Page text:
So, by putting toddlers in exclusive prep pre-schools, parents like the one mentioned in the article are trying to lock in their social privileges and pass them on to their children. This is what these exclusive prep pre-schools are selling: the earliest possible socialization into a given habitus that will set children on an elite path of education. This is a perfect example of using one’s economic capital to obtain extra cultural capital.
As Fisher notes,
“In recent decades, the academic expectations for the well-cultivated child have risen. And the things you can buy to cultivate their academic skills have boomed: educational software for infants, early childhood educational programs, pre-school enrichment classes, after-school lessons, tutors, summer camps with intellectual themes, and so on. Reardon cites research suggesting that professional child-rearing advice articles and books more and more stress intellectual cultivation. Also, middle-class parents have been spending more time with their children and spending more money on their children. Even among parents with the same level of education, the ones with more income seem increasingly better able than those with less income to raise their children’s test scores.
While some enrichment activities are free (if a parent has time — which is another thing money can sometimes buy for you), many require purchases – books, software, special classes, coaches, travel, and the like. If these things actually make an intellectual difference, then their proliferation in recent years can explain Reardon’s findings.”
So, it is not just that the children of the upper classes are living behind the physical walls of gated communities, but they also live in a segregated cognitive and social world where their parents carefully cultivate each and every one of their experiences as a way of holding on to their privileges and making sure that no one outside of their class challenge them.
But, as Robert Frank also noted in his book, Richistan, the very wealthy are profoundly afraid of the slightest sign of very subtle downward mobility (from the multimillionaire class to the millionaire class, to be sure) and they feel the strain of intensifying competition between themselves and other members of Richistan (after all, they have the overall social system as they want it, with no more competition from the precarized middle class).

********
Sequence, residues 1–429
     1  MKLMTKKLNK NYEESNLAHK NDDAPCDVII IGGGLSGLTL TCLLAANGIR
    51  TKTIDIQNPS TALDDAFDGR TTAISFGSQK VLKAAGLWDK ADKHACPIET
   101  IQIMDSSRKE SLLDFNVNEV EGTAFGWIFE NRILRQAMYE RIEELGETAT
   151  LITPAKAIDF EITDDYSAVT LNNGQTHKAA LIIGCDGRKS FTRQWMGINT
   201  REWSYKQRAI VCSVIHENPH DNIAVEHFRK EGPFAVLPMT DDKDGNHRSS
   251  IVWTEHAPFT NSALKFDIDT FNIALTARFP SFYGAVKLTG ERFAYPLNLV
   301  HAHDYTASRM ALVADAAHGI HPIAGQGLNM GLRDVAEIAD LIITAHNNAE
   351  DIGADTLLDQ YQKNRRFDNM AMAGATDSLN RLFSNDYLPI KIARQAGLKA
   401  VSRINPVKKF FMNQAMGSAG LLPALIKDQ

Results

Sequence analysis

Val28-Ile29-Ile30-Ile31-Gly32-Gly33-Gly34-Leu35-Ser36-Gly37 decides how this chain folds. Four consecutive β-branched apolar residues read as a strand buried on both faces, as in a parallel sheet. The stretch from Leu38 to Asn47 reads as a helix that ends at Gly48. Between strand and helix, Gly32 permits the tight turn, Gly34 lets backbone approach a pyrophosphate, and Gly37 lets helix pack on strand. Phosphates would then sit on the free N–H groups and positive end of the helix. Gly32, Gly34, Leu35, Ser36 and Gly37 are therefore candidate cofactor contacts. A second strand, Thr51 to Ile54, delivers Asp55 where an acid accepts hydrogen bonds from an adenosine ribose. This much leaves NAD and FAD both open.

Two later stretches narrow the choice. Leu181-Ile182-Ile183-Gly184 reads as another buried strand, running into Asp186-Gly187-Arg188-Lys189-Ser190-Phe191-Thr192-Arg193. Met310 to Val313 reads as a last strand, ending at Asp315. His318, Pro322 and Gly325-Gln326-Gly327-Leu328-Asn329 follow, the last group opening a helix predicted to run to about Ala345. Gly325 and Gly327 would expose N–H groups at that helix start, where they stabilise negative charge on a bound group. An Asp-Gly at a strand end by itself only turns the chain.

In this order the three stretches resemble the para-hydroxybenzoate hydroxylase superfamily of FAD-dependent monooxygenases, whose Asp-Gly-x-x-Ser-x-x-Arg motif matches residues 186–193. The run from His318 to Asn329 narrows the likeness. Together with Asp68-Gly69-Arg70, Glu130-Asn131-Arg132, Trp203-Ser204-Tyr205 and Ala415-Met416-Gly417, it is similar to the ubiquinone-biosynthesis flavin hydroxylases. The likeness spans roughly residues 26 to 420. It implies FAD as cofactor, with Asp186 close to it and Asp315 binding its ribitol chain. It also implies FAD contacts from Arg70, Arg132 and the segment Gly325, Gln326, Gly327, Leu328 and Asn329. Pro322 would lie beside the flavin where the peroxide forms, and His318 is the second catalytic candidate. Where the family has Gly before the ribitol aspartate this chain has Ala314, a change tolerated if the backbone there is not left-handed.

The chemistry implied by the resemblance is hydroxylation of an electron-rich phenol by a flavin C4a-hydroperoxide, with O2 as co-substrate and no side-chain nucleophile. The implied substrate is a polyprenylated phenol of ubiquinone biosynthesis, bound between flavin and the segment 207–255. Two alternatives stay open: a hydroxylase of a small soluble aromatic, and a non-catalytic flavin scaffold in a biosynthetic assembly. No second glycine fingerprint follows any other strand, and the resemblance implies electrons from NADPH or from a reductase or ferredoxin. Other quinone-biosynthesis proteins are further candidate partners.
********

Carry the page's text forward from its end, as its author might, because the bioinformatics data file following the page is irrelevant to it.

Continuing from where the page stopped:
And so, poor Ms Imprescia wasted a whole MONTH of her three-year old daughter’s life and did not get the proper return on investment in terms of cultural capital.
In both cases, we are dealing with Harold Garfinkel’s concept of degradation ceremony, defined as a communicative action designed to lower the status of a given individuals (or individuals). Since the goal is to degrade and humiliate, then, the targeted individuals may be stripped of proper clothing, shown unkempt, tied up in one way or another, shown in submission, deprived of any power (especially important in the case of former dictators and despots).
Or in the case of the Ceaucescu couple, looking like Eastern European peasants, instead of the feared power couple of Romania:
If the same fate befall Muhammar Gaddafi or Osama bin Laden, I am willing to bet that similar pictures will be widely broadcast.
“India’s economic growth rate is increasing. But its population of girls in relation to boys is declining. In that contradiction lies a truth that many in India choose to ignore: that economic growth does not automatically mean gender justice.
Yes, in the India of 2011 – where the pride of having won the ICC Cricket World Cup after 28 years has yet to wear off – girls are either eliminated before they are born or die before they reach the age of six. We already knew this. In the 2001 census, the number of girls to every 1,000 boys in the 0-6 years age group was a dismal 927. With the preliminary results of the 2011 census just out, the picture is wore today: 914 girls to 1,000 boys.
So where have these girls gone? They disappear principally through sex-selection techniques. If the tests confirm a girl, the decision is quick and sure. Why bother to bring them into the world? Resort to sex-selective abortion.
These statistics demonstrate a macabre and ruthless aspect of our society that is sometimes hard to understand. Women are worshipped as gods in India, some of them occupy the highest positions in our society, more girls go to school today than ever before, young women are entering professions closed to them in the past. Yet, a girl is still considered a burden”
And no, it’s not poverty. Blame the patriarchy:
“Interestingly, the most skewed sex ratios are from states with the highest economic growth rate. So wherever there is wealth, to be shared by members of the family, girls are not wanted. The “family”, meaning the men, must divide the wealth among themselves. Girls marry other men, and their share of the family wealth would go to these other men.
Girls also have to be loaded with goodies when they marry these other men. Hence they are an additional expense. Boys, on the other hand, bring home the goodies when they marry – plus an additional hand to do all the chores around the house.
Put simply, education and economic growth have not changed mindsets, have not touched a patriarchal structure that values men and women differently. On the contrary, more wealth appears to have consolidated old prejudices. What else can explain the coincidence of prosperity and a skewed child-sex ratio?”
And weak governance:
“The sex ratio conundrum has also exposed the inability of successive governments in India to implement social laws. There has been an anti-dowry law on the statute book since 1961. Yet dowry continues as a custom that has spread even to communities that did not follow it earlier.